RALEIGH — North Carolina utilities regulators on Friday approved the long-planned takeover of Progress Energy by Duke Energy, clearing the last major hurdle to creating the largest American electric company.
The combined company will serve about 7 million customers, including 715,000 in South Carolina from the Upstate to the Myrtle Beach area. Midlands-area counties that are affected include Kershaw, Sumter and Newberry.
About 3 million of the customers are in North Carolina and a little more than 3 million more are in Kentucky, Ohio, Indiana and Florida. South Carolina regulators still must approve the merged company’s plan for operating its combined electrical generation system, but they are not weighing in on the merger.
The companies still hope to close the deal by Sunday for accounting purposes.
Regulators saw the deal as the best possible in an environment of energy industry consolidation, N.C. Utilities Commission chairman Edward Finley Jr. said.
“It seems far preferable for Progress Energy to merge with North Carolina-headquartered Duke Energy than with a company in another state,” he said.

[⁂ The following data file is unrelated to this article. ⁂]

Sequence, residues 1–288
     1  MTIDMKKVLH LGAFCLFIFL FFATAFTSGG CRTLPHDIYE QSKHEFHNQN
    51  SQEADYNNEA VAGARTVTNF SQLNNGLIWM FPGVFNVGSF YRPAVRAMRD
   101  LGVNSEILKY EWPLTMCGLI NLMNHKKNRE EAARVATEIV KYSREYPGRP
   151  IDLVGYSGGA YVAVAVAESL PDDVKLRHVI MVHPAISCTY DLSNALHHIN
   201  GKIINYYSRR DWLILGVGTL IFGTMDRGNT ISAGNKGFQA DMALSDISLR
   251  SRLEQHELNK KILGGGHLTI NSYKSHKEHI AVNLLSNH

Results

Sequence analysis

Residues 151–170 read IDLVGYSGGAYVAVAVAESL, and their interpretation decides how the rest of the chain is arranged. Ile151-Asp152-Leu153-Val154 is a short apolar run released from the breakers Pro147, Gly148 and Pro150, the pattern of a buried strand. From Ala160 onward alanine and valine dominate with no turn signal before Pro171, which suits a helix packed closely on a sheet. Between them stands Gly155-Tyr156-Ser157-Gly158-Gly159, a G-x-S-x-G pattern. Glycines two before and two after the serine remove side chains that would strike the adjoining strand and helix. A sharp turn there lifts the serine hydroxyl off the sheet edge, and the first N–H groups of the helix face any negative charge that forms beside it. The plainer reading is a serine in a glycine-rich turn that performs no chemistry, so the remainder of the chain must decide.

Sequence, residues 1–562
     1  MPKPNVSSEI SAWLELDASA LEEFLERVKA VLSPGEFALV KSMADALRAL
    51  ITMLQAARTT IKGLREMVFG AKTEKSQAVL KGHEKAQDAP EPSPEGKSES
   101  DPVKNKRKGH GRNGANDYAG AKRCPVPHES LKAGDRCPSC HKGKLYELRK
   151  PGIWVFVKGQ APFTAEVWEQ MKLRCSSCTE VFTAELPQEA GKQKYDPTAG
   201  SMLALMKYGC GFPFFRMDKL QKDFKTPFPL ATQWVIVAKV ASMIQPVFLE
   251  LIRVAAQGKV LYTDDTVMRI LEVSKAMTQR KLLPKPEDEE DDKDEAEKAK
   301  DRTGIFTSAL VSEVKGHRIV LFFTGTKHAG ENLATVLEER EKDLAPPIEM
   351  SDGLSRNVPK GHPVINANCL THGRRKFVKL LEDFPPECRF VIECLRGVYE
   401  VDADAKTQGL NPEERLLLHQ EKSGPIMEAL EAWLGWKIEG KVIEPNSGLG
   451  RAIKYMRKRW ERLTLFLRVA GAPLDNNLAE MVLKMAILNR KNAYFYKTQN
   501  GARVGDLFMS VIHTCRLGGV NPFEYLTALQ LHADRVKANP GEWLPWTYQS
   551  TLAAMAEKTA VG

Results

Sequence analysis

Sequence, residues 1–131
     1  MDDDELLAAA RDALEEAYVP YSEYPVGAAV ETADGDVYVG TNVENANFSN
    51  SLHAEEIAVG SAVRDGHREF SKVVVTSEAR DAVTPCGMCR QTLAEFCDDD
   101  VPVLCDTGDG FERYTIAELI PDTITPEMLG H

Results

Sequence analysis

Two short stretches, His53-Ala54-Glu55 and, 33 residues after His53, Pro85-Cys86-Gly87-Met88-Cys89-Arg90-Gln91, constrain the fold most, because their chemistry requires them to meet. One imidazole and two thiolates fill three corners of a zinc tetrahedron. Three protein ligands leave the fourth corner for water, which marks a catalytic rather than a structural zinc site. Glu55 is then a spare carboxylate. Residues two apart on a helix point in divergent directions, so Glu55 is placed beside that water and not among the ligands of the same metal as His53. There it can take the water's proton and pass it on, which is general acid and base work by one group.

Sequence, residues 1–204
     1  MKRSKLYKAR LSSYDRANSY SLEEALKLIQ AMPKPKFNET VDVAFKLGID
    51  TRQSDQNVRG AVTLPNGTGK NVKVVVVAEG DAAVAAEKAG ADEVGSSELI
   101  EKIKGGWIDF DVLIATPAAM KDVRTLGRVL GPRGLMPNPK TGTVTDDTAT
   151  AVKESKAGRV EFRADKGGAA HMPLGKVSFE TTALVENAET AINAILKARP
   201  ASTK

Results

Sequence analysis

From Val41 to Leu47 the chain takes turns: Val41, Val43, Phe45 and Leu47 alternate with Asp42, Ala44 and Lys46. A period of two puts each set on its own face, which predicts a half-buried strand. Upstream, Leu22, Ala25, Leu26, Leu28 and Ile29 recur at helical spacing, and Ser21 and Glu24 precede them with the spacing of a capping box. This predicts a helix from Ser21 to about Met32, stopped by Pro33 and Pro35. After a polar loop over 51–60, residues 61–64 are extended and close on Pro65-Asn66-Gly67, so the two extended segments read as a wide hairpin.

Conditions North Carolina regulators placed on the deal include the combined company passing along at least $650 million in savings to state customers. The merger also is expected to result in operating efficiencies that will mean lower future rate increases, the commission said.
Any costs related to completing the merger can’t be passed on to North Carolina utility customers, the commission said. That includes severance costs of about $230 million as Duke and Progress shed up to 1,900 jobs.
The merger announced in January 2011 has been approved by a series of state and federal agencies, the most significant coming earlier this month when the Federal Energy Regulatory Commission gave its blessing. The FERC twice rejected the merger because of concerns it would reduce competition for wholesale electricity in the Carolinas.